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Capital floors have been used by regulators for a long time to ensure that risk-based capital requirements do not fall too far. For instance, the final draft of the Basel II accords in 2006 contained a floor that prevented the capital requirements from falling below 80% of the previous Basel I requirement.
However, the concept became much more high-profile with the advent of Basel III. The Basel Committee advocated using the standardised approaches to calculating risk-weighted assets (RWAs) as a floor for the outputs from internal modelled approaches. The initial suggestion was that internal model RWAs should not fall below 60% to 90% of standardised outputs. The aim was to reduce the variation of internal model outputs between banks and to mitigate model risk and measurement error.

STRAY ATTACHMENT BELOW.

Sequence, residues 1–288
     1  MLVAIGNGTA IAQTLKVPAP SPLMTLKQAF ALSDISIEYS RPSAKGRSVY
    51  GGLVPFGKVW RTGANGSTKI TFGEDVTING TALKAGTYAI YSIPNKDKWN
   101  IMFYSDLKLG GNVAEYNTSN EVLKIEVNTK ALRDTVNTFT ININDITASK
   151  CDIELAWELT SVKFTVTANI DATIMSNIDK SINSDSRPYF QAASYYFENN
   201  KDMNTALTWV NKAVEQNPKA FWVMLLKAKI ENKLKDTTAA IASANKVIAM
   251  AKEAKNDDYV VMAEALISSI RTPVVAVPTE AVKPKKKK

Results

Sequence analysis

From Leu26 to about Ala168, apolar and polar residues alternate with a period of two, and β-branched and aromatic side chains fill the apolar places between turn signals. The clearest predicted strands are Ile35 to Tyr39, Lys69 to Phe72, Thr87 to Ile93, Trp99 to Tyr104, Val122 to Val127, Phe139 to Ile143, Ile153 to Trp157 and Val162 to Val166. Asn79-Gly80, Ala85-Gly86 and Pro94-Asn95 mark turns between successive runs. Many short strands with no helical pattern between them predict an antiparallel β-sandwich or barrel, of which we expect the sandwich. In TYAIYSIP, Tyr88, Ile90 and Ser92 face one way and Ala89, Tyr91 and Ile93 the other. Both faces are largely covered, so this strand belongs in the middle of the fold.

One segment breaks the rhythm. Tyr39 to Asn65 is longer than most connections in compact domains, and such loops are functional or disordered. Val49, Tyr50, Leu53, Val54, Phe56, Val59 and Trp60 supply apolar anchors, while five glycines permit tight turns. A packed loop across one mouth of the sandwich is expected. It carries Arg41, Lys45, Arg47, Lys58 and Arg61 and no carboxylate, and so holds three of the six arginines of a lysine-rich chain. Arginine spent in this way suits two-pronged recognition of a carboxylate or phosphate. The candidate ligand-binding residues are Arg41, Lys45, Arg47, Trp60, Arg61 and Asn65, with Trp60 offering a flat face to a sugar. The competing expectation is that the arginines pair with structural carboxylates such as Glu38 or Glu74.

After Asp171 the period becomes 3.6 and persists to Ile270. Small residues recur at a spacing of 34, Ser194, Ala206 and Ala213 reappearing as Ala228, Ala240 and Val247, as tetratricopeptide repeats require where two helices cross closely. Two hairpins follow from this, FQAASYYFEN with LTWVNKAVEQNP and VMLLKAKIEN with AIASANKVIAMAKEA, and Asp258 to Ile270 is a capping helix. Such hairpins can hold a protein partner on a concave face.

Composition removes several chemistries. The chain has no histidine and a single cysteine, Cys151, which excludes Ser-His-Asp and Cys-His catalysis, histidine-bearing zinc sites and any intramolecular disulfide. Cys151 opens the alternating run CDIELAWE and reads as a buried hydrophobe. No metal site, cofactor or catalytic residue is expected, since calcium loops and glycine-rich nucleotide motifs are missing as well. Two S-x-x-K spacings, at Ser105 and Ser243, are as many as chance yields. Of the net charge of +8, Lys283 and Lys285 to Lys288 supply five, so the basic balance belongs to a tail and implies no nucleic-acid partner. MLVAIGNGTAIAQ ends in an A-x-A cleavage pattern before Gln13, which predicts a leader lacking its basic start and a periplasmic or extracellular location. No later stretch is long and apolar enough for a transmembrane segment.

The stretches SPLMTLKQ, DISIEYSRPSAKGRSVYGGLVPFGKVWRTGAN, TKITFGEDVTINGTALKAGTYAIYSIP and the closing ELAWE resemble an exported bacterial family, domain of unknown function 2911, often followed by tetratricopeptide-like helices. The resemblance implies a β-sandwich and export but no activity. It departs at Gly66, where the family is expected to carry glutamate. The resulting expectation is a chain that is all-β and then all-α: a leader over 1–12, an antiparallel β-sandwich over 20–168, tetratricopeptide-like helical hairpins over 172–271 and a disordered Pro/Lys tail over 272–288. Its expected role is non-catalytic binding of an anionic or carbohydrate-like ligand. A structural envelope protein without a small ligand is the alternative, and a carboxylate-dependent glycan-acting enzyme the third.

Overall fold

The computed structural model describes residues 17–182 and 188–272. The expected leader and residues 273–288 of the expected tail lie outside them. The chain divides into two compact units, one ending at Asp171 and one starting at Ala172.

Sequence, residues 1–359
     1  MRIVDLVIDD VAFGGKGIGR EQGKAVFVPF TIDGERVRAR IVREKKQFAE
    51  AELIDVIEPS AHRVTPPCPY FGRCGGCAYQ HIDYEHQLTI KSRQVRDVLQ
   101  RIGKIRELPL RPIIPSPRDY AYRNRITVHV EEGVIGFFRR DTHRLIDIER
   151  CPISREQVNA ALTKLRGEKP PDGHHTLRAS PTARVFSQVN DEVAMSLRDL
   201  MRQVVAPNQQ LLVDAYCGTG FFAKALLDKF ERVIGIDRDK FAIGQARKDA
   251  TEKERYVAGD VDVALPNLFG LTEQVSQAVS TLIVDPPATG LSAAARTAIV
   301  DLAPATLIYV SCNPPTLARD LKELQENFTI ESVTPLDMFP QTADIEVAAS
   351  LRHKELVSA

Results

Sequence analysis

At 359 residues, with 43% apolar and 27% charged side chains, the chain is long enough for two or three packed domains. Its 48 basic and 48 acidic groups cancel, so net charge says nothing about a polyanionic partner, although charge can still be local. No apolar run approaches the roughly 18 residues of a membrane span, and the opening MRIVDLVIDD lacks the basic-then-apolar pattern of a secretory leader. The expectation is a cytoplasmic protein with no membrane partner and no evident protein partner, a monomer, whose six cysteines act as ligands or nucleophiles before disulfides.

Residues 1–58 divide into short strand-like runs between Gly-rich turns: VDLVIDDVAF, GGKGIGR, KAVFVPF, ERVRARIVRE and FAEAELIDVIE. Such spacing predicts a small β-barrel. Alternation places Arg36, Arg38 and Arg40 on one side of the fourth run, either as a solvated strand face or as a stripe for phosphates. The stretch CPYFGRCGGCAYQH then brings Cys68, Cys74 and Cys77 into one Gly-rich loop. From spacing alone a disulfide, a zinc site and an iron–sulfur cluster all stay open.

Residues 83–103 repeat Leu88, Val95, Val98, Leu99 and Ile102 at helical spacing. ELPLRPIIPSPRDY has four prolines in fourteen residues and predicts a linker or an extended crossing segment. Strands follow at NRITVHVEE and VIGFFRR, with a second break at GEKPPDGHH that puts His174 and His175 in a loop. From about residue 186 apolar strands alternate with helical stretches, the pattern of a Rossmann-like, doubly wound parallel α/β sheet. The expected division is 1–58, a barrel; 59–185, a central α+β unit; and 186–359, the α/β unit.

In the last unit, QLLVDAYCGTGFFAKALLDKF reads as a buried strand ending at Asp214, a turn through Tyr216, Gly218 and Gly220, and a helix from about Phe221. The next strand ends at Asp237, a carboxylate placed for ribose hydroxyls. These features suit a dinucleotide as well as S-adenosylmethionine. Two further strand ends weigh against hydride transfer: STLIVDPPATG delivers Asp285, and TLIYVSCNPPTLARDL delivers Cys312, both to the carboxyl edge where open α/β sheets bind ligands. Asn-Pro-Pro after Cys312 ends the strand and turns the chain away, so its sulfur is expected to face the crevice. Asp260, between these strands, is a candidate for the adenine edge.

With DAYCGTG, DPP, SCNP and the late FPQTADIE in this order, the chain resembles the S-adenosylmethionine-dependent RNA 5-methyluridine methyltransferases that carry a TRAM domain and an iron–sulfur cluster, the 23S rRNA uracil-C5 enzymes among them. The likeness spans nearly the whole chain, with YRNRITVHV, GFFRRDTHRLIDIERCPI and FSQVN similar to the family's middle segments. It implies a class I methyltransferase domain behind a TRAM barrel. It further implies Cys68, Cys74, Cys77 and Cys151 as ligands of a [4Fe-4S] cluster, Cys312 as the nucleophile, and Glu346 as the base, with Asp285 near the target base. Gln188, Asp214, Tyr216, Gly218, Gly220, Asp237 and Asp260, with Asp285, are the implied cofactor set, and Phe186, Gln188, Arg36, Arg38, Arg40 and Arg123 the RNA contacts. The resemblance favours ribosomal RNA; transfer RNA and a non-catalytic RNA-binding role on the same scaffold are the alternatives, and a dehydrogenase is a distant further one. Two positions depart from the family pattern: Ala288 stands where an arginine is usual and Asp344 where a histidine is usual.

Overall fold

After more than 18 months of negotiations, the Basel Committee agreed in December 2017 to set a floor of 72.5%. This was a compromise between US regulators who had argued for a higher level, and European regulators who wanted a lower level. The US already imposes its own floor, based on the Collins Amendment to the Dodd-Frank Act, which limits overall RWAs to 100% of the standardised outputs, but excludes operational risk and credit valuation adjustments from the calculation.
By contrast, European banks make more use of internal models, and critics of the floor say it makes Basel III less risk sensitive compared with Basel II, potentially encouraging banks to load up on riskier assets in order to boost their return on equity.
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